Nice post though – I enjoyed the drama! Next time you’d like to spend 6 hours in the kitchen and dirty a lot of dishes, I have a mushroom lasagna I could tell you all about! 🙂
Jennifer, you don’t taste the coffee at all. Kind of like how coffee enhances the flavor of chocolate in a very subtle way, it’s the same principle here. Of course, you could always leave it out.
Fortunately, once everything is prepped and in the pot, the chili takes care of itself. But cleaning up took me a while. I was not kidding about how many pots I dirtied in the name of chili.
Mushroom lasagna? Tell me more.
I think I’d leave it out. I don’t even like coffee with chocolate.
Okay, here’s two old posts from my old blog with crappy photography. First – the mess created by the lasagna:
And here’s the actual post about making it:
Jennifer, glad to know I’m not the only one who makes tremendous messes in the kitchen in the name of dinner.
I’ve got to back you on coffee in chili. It seemed so bizarre an idea the first time I saw it, but it really adds something. This recipe just reads like something I want.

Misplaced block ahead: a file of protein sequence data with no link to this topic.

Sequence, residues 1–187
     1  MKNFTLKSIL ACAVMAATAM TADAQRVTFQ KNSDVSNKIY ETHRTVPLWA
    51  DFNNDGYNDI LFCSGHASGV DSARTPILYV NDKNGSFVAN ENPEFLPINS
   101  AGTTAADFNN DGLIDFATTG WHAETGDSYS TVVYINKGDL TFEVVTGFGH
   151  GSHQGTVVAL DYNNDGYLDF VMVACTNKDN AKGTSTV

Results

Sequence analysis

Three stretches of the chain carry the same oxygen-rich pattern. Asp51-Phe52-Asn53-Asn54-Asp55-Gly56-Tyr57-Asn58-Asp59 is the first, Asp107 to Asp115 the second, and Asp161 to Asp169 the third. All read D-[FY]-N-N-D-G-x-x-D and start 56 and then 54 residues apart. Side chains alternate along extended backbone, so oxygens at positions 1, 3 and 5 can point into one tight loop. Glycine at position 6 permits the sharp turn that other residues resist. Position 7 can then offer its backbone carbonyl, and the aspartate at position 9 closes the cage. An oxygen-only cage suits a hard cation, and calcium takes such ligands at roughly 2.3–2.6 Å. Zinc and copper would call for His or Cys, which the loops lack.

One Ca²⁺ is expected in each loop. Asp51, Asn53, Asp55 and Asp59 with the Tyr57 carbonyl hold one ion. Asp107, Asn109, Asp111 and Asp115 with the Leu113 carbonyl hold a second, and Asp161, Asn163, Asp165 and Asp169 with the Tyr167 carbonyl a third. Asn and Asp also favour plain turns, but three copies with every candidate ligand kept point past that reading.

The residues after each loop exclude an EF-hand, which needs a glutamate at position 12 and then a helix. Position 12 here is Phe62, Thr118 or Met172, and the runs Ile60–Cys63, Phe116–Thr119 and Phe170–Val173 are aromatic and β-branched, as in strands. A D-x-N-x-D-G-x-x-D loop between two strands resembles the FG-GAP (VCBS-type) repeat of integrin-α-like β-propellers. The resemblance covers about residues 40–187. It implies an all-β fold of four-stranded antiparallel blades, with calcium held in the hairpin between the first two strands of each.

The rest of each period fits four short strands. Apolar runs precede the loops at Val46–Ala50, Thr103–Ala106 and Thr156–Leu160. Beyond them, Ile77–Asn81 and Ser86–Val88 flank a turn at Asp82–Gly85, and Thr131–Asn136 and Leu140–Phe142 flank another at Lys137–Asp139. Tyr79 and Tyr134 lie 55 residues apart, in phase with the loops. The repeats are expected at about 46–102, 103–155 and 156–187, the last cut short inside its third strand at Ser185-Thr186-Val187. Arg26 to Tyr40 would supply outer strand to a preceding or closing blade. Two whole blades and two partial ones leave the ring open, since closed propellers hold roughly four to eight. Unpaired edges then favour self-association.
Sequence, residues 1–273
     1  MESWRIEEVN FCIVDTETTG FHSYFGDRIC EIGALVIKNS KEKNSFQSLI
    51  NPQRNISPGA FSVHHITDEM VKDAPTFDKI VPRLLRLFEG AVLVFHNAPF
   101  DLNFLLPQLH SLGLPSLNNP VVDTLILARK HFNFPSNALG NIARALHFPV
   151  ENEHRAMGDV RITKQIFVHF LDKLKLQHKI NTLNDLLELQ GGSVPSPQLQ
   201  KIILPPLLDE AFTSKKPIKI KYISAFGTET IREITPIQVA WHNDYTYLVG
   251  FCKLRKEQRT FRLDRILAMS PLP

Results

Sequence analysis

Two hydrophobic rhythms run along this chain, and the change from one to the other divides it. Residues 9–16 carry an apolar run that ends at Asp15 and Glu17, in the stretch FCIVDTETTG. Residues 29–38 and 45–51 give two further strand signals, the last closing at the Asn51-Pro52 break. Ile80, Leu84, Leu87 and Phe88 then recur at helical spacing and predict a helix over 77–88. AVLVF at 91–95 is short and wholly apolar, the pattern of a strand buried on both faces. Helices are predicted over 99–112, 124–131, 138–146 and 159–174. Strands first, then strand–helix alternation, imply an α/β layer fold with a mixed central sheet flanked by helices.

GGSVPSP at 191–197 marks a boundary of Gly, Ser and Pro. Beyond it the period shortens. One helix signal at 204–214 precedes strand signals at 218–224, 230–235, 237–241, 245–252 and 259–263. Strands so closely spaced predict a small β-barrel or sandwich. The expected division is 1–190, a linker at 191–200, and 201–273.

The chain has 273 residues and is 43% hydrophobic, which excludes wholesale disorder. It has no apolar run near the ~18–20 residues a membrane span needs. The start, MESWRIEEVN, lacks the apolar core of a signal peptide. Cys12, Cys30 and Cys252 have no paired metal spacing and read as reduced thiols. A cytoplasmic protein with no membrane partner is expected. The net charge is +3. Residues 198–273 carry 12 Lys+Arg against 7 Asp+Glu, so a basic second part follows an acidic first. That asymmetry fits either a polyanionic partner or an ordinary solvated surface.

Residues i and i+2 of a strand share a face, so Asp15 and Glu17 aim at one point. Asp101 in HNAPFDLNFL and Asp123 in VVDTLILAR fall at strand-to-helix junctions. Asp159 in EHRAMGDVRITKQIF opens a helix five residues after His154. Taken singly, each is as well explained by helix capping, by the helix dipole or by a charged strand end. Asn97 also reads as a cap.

I am glad for the independent confirmation about the magic of coffee in chili. If you start cooking now, all the dishes can be done and you could be dining by about 10pm. Call it a very late supper.
I always thought people added beans because they couldn’t afford to buy enough ground beef to feed their family. To me, that’s the only reason to ruin perfectly good chili. 🙂
I think the 1 teaspoon of cayenne is what made your chili so hot. I usually use several tablespoons of ancho and regular commercial chili powder plus I throw in a couple of whole jalapenos and my chili is only vaguely hot. Here’s my recipe, if you’re interested. I may try adding coffee to mine next time.
Kathy, I definitely need to turn down the heat on the chili because that was the one criticism I had of the final dish. I need to go check out your recipe for some pointers.
i am intrigued. coffee. COFFEE?
i have not introduced my foreign roommate to the wonders of chili yet and if the weather would just please get cold enough, it would warrant me to attempt this Commitment Chili.
Lan, this recipe may test the limits of your patience. But the end result is worth it. We have some hiding in the freezer, just waiting for a chill to creep into the air.